Masters of Ink is a Konbini original introducing you to a whole spectrum of tattoo artists from all over the world. Custom designers specializing in every style from modern dotwork to traditional Americana tattoos – tune in for something new every week!
With the exponential growth in popularity, the concept of tattoos as original artwork can feel fleeting at times. I mean, how many star, butterfly or "I love mom" tattoos does it take for the idea to wear out..? However, there are still many young creators refusing to merge with the masses and choosing to create art that is one-of-a-kind.
Such is the case of 22-year-old tattoo artist Hans Deslauriers from Montreal, Canada. "I try to be as original as I can with my work, I want to stand out and I want people to wear things they won’t see anywhere else," he tells Konbini.
In his career, the young tattoo artist has experimented with many different styles without being fully satisfied with the result. Then, Hans started challenging himself in the technical aspects by doing realistic black and grey portraits. Feeling stimulated by the complexity of the task, he still felt like he's missing something. He explains:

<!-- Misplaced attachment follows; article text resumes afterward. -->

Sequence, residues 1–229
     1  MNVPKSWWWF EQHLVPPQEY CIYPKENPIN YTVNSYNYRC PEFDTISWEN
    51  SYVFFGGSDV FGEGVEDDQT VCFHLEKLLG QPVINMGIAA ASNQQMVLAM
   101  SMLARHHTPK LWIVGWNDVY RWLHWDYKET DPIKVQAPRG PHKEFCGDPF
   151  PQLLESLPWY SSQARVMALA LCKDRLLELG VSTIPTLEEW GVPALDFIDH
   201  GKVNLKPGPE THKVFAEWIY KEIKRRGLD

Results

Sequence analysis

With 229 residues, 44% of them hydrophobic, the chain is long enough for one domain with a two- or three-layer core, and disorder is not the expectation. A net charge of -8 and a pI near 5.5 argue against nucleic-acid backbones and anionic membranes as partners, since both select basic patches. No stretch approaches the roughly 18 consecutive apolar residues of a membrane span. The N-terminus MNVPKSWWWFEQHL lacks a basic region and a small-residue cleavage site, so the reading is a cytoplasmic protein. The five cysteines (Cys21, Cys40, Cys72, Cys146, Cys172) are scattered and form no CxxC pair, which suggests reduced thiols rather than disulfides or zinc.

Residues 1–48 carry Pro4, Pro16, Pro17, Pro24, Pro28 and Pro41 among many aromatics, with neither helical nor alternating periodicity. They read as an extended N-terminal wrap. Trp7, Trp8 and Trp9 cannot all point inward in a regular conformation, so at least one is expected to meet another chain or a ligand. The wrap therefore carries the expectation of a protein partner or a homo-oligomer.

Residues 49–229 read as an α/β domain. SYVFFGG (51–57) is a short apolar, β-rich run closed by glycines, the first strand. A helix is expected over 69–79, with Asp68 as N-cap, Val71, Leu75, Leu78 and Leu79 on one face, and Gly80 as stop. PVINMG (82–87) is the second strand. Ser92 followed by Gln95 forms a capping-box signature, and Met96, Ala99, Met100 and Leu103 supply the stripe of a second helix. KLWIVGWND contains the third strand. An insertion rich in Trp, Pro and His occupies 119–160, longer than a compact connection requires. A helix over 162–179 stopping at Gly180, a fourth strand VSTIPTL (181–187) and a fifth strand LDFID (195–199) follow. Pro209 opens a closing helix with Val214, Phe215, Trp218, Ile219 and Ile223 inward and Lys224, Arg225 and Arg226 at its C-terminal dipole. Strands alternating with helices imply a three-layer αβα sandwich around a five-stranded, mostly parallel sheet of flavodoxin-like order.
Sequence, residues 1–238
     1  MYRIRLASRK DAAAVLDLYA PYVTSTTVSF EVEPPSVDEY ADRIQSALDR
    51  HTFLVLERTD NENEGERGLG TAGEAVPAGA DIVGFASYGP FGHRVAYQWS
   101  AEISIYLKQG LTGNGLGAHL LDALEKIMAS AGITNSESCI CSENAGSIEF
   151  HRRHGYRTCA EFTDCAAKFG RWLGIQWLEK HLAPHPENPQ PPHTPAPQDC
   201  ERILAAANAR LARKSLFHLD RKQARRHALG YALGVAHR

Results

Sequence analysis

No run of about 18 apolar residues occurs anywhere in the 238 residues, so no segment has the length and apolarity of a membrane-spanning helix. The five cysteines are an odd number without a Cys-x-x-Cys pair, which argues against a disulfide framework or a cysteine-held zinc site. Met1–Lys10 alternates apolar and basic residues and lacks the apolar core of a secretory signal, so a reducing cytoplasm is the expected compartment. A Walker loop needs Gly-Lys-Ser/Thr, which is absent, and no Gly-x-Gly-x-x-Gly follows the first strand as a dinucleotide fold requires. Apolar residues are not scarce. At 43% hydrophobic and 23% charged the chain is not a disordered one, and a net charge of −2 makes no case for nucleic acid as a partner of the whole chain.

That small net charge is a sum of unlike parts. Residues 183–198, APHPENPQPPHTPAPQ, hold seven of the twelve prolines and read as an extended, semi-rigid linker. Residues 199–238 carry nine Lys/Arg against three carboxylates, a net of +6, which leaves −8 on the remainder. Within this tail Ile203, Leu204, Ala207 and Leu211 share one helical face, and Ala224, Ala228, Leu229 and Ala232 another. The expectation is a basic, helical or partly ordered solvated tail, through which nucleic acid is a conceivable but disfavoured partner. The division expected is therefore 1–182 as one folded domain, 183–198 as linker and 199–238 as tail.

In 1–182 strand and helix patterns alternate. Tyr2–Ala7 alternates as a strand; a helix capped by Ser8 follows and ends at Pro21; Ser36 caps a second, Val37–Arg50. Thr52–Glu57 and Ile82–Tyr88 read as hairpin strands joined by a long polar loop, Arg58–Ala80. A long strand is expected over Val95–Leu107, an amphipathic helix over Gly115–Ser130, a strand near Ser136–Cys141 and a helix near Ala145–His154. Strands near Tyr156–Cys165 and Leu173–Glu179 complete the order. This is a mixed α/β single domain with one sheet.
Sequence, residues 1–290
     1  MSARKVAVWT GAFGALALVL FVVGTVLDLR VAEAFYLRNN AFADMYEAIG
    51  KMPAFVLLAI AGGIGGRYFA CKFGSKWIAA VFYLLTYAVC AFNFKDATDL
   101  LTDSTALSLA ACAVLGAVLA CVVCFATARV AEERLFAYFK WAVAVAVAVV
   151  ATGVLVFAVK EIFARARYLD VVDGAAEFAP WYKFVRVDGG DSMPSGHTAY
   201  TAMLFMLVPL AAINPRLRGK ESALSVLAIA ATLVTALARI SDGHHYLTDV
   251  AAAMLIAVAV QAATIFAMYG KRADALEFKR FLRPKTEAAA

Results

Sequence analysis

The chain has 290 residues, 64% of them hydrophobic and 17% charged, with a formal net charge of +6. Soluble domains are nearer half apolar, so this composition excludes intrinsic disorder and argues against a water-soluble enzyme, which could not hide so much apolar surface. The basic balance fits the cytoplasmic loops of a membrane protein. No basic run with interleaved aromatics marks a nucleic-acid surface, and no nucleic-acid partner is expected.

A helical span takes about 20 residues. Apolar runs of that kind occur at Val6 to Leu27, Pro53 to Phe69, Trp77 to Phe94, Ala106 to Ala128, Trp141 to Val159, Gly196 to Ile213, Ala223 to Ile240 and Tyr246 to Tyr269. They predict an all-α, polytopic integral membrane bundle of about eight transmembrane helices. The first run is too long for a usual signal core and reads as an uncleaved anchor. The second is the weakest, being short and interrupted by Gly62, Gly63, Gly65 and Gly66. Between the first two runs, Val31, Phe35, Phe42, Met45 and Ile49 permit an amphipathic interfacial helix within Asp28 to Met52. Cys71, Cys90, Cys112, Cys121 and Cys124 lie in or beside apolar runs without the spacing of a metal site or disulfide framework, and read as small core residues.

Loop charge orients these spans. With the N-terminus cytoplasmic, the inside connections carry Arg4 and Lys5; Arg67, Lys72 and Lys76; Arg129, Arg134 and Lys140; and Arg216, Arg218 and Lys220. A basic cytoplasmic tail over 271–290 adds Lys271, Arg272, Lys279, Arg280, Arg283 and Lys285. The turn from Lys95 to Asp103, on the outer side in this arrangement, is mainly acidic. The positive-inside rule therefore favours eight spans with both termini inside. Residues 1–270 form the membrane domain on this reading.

"I was searching for something that would help me stand out and I found some collage artists. At first, I wasn’t sure if it would be possible to do that kind of designs in tattoos, but I bought a drawing tablet and started mashing up styles and trying stuff. I’ve finally found a way to get more funky on skin."
The dynamism of his work lies in the contrast of the black and grey portraits and the vivid colors used for his offbeat graphic twists. Hans quotes hippie posters and surrealist painters such as Salvador Dali as his main inspirators, along with collage artists Marcelo Monreal and Pierre Schmidt. Deslauriers admits he's trying to not look at the work of other tattoo artists as much, hoping it will help with maintaining originality.
The favorite part of his job, according to Hans, is the constant evolution and the craving to learn more and perfect his skills. But it is also exciting at a human level. Deslauriers sees the act of tattooing as therapeutic for both the client and the tattoo artist. That is why he is not particularly attached to the meaning of his designs.
"What I find interesting about art is that everyone can have their own perception of a single piece. Even if it’s a canvas, a song or a tattoo, it can always mean a thousand things. I prefer to leave the interpretation to those who wear my pieces or those who look at it."
Follow Hans Deslaurier on Instagram and see more of his work below: